Day Fifty

Today's miles: 21
Total miles: 763

I'm not sure why we kept setting our alarms for 5:00am, because inevitably our warm sleeping bags were much more inviting than the trail, and we ended up sleeping until 7:00am every day, anyway.

We had been setting up tents lately, since the weather was much colder at night than in the desert, and with Rotisserie and Sansei now sharing a tent, we only had two of them to pack up each morning.

We were on trail at 8:00 and climbing to higher elevations, hovering around 11,000 feet all day. I thought back to my days in Idyllwild when I was struggling to breathe and hike at 8,000 and 9,000 feet, and now such heights seemed trivial. We were growing stronger every day, and the trail was testing us with bigger and bigger challenges. At 11,000 feet I could feel the altitude slowly tightening my chest and my breath grow achey with each gasp, but I was determined to make it through. After all, there were much higher elevations to come.

We went slowly, and took our second breakfast break at a trail junction for the town of Lone Pine, CA. While we ate, a group of three older dayhikers came by and we talked with them for a while. When they learned we were PCT thru-hikers, they became naturally inquisitive and asked the questions we had heard many times over.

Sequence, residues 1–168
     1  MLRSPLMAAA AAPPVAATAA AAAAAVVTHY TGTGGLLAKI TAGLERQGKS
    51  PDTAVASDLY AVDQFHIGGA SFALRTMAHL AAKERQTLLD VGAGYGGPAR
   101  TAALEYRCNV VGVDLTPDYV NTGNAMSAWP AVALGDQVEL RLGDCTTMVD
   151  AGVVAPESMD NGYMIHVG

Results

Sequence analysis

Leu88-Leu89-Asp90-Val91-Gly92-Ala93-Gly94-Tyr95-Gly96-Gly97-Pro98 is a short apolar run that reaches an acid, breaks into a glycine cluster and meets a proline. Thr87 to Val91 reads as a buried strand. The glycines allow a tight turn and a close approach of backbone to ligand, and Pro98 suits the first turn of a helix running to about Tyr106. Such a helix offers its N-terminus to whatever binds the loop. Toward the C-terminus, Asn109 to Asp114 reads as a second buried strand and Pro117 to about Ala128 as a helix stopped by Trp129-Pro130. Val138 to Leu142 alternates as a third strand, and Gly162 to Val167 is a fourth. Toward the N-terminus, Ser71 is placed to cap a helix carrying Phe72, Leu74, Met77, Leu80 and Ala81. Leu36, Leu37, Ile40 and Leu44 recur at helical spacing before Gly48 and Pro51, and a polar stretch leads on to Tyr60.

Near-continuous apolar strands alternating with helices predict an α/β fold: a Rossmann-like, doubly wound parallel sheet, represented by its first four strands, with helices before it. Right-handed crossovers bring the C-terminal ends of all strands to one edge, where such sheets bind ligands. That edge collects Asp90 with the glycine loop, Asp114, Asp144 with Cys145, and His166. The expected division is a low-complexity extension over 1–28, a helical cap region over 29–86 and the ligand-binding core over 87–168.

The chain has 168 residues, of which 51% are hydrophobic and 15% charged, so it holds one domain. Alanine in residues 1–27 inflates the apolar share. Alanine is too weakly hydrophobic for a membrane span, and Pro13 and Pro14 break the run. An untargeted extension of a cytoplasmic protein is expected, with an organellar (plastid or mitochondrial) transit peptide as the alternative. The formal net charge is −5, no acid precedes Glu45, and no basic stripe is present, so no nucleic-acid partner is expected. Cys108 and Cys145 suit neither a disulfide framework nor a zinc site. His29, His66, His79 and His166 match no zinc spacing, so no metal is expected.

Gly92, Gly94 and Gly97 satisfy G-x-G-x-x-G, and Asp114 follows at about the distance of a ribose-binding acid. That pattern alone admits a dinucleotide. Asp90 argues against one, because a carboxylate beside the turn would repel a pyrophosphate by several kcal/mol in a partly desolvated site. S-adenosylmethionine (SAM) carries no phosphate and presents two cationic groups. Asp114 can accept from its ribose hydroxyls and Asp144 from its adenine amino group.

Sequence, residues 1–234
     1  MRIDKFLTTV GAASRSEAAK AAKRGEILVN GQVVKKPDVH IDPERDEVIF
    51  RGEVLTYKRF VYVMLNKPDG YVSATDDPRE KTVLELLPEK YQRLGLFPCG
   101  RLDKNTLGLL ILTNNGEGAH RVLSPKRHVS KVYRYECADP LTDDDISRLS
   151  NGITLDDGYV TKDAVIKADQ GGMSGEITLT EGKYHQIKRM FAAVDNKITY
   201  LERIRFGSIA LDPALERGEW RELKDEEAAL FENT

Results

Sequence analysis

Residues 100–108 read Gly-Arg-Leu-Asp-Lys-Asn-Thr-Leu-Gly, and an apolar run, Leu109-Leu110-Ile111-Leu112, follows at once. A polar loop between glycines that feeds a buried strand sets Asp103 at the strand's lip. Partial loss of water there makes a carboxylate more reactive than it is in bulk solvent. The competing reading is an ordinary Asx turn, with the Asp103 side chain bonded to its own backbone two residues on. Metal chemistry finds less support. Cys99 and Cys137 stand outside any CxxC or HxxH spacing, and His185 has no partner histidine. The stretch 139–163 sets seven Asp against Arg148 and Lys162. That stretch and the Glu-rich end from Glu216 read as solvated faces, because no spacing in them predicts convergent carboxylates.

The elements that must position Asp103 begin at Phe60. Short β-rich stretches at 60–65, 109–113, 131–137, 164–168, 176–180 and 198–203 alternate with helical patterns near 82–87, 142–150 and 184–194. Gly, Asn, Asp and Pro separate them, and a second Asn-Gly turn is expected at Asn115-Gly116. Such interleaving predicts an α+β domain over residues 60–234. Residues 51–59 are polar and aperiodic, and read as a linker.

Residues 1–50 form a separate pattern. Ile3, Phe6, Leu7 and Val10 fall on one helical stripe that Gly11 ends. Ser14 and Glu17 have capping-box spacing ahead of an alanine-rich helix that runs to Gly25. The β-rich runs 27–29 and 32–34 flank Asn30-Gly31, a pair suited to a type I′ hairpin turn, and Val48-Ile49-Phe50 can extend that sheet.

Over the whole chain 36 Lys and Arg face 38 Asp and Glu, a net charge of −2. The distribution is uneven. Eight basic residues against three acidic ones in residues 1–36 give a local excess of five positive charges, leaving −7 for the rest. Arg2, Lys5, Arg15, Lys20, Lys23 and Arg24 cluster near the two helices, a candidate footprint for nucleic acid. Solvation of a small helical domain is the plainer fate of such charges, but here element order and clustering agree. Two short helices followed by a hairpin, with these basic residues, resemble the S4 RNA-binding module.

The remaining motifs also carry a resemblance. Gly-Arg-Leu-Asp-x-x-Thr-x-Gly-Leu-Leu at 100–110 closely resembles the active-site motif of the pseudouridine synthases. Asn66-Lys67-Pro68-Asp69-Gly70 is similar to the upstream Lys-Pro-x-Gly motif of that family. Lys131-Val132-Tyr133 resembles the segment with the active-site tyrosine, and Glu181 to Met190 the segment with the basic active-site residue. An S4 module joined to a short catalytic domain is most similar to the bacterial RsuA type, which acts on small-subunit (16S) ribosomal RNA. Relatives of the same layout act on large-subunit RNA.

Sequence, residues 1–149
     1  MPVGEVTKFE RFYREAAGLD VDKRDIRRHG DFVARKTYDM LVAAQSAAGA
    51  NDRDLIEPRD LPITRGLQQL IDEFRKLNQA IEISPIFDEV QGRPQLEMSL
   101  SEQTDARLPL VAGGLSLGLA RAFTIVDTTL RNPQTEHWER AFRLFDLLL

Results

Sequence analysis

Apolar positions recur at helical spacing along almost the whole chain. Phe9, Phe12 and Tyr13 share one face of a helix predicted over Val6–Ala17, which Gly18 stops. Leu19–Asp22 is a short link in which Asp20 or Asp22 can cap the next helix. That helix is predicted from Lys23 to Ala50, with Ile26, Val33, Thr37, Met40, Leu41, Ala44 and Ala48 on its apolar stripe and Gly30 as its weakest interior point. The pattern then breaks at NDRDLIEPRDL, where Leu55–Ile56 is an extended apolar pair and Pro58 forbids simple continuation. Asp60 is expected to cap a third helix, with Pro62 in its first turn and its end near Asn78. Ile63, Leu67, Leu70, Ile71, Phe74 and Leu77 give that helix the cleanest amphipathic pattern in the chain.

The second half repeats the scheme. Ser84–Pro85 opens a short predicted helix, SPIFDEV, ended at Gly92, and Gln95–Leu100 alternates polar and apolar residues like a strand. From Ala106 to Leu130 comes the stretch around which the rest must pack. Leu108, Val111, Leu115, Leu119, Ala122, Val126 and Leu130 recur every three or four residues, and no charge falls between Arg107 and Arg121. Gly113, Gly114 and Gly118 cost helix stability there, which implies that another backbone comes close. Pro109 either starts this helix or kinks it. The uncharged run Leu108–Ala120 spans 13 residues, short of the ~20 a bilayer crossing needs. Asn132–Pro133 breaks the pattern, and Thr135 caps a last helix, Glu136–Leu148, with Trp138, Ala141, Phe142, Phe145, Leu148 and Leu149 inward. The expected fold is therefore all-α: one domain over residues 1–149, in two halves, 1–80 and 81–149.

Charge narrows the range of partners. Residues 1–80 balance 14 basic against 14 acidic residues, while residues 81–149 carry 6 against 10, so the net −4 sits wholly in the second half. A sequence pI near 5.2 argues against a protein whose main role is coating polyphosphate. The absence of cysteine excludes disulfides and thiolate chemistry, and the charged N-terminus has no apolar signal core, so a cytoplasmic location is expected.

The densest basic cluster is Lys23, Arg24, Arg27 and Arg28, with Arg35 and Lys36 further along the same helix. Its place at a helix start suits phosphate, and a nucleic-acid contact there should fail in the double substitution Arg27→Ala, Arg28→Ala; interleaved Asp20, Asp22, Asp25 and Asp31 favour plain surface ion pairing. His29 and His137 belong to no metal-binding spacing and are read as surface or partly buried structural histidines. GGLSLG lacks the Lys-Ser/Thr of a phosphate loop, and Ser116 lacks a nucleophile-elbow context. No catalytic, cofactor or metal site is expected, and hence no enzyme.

"How many days have you been hiking?" they wanted to know.
"Today is day fifty!" I crowed.
"How long does it take to finish the trail?"
"About five months."
"How do you resupply your food?"
"We stop in towns every 5-7 days to buy food."

It's funny how many people don't get that concept. I think they expect us to say that we have food helicoptered in to us, as though going into town each week is some sort of violation of thru-hiking. (What?! You're not on trail every second?!)

But it's fun to see the excitement in their eyes when they learn what we're doing. We never, never saw dayhikers in the desert, so the only people who asked about our journey were trail angels or the people who picked us up on hitchhikes. Because, honestly, who would dayhike in the desert? The only people you ever see are fellow thru-hikers, because thru-hikers are the only ones crazy enough to spend 700 miles walking through sand and Joshua trees.

But now that we are in the Sierras, we have been seeing a lot more people on the trail. Dayhikers, weekend backpackers, and section hikers. Sometimes they are traveling northbound like us, but often they are walking in the other direction, which throws us for a loop.
Wait, a hiker going southbound? They must be lost.
It's pretty easy to tell a dayhiker/weekend backpacker/section hiker apart from a thru-hiker. Usually they are wearing nicer clothing, or much larger packs, or smell way too clean and soapy. But the tell-tale sign (if you couldn't figure it out before that) is just to look at their shoes. If they're wearing any kind of boot, it's not a thru-hiker. Thru-hikers wear dirty, banged up trail runners with colorful Dirty Girl gaiters. We all know each other's footprints by heart by now because we've been tracking them in the sand for months. Dayhikers wear pristine, waterproof, leather boots that rise up above the ankle with expensive wool socks beneath them. Dead give away.